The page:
GenderGP statement in response to the Kiera Bell V Tavistock Case

The outcome of the judgement on the case brought against the Tavistock and Portman NHS Trust today (01.12.20) is confusing but our message to our patients and their loved ones is clear:

“We will continue to provide care to patients of all ages and involve them in the decision making process. We have always carried out capacity assessments and will continue to do so as part of our well-established Appraisal Pathway.

Having capacity to consent to treatment lies at the core of every medical intervention, whatever the condition being treated. Throughout history, young people have had to make difficult decisions about their health and wellbeing, and the UK understands that young people should be involved in every decision as much as possible.

While the judges in this case understand that we must take every step possible to ensure that young people have the capacity to understand what intervention means, we must still make sure the voice of that young person is heard.”


In the UK, the GMC has produced very clear guidance on assessing capacity in those under 18:

‘You can provide medical treatment to a child or young person with their consent if they are competent, or with the consent of a parent or the court.’


At GenderGP, we work on a model of informed consent and each and every young person who is prescribed puberty blockers and hormones has shown that they fully understand the effects of such treatment, given the knowledge and evidence available to them.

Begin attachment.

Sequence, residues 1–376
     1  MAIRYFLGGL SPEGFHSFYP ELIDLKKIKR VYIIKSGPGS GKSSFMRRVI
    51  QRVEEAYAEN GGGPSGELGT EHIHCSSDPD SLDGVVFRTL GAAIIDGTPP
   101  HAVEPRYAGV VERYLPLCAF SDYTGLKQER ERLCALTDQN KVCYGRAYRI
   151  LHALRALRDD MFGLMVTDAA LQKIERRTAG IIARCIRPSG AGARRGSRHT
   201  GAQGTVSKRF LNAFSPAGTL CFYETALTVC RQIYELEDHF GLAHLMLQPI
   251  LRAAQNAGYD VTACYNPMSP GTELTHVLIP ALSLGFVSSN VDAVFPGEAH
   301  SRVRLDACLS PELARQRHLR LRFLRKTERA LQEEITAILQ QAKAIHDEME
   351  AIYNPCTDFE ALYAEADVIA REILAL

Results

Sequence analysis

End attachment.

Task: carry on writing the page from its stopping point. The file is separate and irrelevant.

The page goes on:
The medical evidence in favour of these interventions is clear, as are the effects of not having the intervention.

We do not deny treatment on the basis of age and our multidisciplinary team continually assesses the individual’s capacity to make decisions throughout their journey with GenderGP, based on all the information available to us.

The majority of patients and their families have clear capacity to make informed decisions on their care, however, if ever we need the court to assist us in that then we will follow the necessary steps.

Any medical intervention provided through GenderGP will continue. It is necessary, effective, life-changing and, in some cases, even life-saving.


If you would like to speak to a member of our team about this post or any other matter relating to you, or someone you support, please visit our Help Centre.